By RENEE PRUSI
For The Daily News
WASHINGTON, D.C. - Robert Winton said the lottery may be next after being selected Thursday for a most special task.
From the left, Jerry Gauthier of Iron Mountain, Robert Winton of Quinnesec, Frank Fogle of Marquette and Bertrum Doutree of Escanaba pose just after they participated in the laying of the wreath ceremony at the Tomb of the Unknowns at Arlington National Cemetery in Washington, D.C., Thursday. The men were part of the U.P. Honor Flight that visited a number of landmarks throughout the day.
Winton, from Quinnesec, was one of four World War II veterans from the Upper Peninsula Honor Flight whose name was chosen to participate in the wreath-laying ceremony at the Tomb of the Unknowns at Arlington Cemetery.
"It felt pretty darn good," Winton said after his name was announced along with Bert Doutree of Escanaba; Jerry Gauthier of Iron Mountain; and Frank Fogle of Marquette. "I guess I had better start playing the lottery after this. I can't believe it. I had to look around to see if there had been some kind of mistake."
Indeed, the solemn ceremony at the Tomb of the Unknowns was a highlight of this third visit to the nation's capital made by an Honor Flight group from the U.P., this time with nearly 80 veterans. The first "mission" was in September 2011 and the second in April 2012.
"We're planning another trip for next spring," said Barb VanRooy, Honor Flight coordinator. "We already have a waiting list started for that."
Fundraising for the spring 2013 flight will start soon. The Honor Flight trip is offered to World War II veterans at no cost to them. Each veteran is paired with a guardian who pays to make the journey and sees to the veteran's needs during a busy, history-filled one-day trip to Washington.
Honor Flights take place from many parts of the nation, all with the intent of giving as many World War II veterans as possible the chance to see the World War II Memorial, which opened in 2004.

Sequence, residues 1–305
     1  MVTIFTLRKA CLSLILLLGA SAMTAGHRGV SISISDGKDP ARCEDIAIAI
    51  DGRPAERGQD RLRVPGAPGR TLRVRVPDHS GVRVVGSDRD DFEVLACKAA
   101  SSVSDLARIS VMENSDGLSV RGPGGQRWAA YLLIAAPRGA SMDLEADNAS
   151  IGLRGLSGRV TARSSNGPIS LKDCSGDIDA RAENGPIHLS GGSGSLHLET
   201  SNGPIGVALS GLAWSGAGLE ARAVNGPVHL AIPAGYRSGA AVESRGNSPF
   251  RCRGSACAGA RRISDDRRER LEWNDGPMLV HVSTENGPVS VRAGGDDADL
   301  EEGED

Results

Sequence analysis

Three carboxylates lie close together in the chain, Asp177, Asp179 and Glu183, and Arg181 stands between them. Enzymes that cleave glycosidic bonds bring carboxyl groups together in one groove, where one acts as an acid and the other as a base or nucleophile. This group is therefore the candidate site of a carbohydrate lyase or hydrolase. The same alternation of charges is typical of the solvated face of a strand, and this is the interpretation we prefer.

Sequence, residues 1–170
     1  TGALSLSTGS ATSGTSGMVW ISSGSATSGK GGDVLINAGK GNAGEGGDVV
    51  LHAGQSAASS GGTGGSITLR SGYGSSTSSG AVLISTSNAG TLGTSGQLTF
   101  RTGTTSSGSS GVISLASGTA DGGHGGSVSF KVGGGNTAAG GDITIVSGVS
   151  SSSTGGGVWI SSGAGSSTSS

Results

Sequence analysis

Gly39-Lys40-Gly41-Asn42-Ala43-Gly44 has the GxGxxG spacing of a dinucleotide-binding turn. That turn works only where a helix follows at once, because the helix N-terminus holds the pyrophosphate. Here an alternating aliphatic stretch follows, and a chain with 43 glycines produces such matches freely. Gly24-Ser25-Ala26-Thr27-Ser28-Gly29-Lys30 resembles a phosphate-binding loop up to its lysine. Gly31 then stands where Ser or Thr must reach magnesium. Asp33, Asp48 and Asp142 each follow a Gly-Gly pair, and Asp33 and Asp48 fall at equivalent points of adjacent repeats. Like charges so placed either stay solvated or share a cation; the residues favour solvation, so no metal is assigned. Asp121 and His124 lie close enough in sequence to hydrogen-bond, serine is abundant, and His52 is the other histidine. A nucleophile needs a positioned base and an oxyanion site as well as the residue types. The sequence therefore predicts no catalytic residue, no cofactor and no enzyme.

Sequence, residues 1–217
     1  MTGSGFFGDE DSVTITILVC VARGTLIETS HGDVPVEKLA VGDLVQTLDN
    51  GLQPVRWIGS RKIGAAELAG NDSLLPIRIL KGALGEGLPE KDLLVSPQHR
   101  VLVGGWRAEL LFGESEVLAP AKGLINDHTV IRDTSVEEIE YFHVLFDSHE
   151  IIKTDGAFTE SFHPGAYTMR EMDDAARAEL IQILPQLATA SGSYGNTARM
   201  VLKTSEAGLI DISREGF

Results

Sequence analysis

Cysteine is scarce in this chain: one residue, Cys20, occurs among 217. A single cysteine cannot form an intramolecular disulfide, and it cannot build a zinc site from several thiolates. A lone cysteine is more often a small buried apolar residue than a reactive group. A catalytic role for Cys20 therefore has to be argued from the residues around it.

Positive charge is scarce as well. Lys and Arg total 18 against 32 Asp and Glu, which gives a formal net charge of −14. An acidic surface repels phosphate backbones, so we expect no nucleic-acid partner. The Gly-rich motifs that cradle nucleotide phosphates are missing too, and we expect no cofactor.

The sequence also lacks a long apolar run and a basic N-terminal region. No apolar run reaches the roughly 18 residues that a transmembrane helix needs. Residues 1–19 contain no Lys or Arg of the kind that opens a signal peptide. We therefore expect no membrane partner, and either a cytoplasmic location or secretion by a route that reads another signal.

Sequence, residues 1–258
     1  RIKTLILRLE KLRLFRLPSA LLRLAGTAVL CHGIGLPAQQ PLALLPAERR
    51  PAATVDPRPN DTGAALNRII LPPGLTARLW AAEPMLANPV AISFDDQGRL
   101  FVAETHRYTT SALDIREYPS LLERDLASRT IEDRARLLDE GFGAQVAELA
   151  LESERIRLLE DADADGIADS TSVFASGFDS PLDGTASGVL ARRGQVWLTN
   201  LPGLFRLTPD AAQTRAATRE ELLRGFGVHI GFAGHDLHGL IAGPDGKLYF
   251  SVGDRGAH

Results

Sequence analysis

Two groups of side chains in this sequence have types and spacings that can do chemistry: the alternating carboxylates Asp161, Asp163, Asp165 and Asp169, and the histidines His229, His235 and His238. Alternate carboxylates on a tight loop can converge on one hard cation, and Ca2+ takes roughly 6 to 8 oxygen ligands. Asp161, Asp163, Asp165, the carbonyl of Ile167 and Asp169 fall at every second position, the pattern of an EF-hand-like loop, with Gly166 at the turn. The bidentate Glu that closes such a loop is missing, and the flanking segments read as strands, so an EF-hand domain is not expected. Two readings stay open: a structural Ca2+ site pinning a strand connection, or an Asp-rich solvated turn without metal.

After departing the Delta County Airport in Escanaba at 6:30 a.m. Thursday, the U.P. Honor Flight not only visited the World War II Memorial and the Tomb of the Unknowns, but also the Korea, Vietnam, Lincoln and Marine Corps memorials as well as taking a bus tour of the city. The bus tour included a police escort, meaning the group didn't have to stop for red lights as they made their way around the busy city.
For the first time, some of the group visited the Women in Military Service for America Memorial. The U.P. Honor Flight included five women World War II veterans this time around and they and some of the male veterans opted to visit that landmark instead of visiting the Tomb of the Unknowns.
Augusta Houser of Iron River was one of the five female World War II veterans. She served in the Women's Army Corps during the Second World War and said this special women's memorial was something discussed as early as 1950, when the first WAC alumni association formed.
"I think it's fine," she said after spending time at the museum. "It took a long time to get it and I think they've done a good job with it."
In the course of touring the first stop of the day at the World War II Memorial, the U.P. veterans were greeted by both of their U.S. senators, Debbie Stabenow, D-Ann Arbor, and Carl Levin, D-Detroit, who chatted with the vets and had photos taken.
"It is always a great privilege to honor Michigan's brave men and women who put their lives on the line to protect our country," Stabenow said. "The mission of the Honor Flight Network is a fitting tribute to our veterans, giving them an opportunity to see their memorials firsthand. We owe all of our veterans our unwavering support."
Levin said: "I know it was a moving visit for our U.P. vets to be at the World War II Memorial. The memorial recognizes their service to our country and the world, and it was a privilege to be with them as they saw the expression of our nation's gratitude."
Due to a lightning storm, the U.P. Honor Flight was two hours late in returning to Escanaba, not arriving until 11:30 p.m. Thursday, but still, hundreds of people lined the tarmac in the 30-some-degree weather to greet the veterans on their return.
Included in the group was U.S. Rep. Dan Benishek, R-Crystal Falls, who shook the veterans' hands as they disembarked from the plane after a long, but exhilarating day spent in Washington.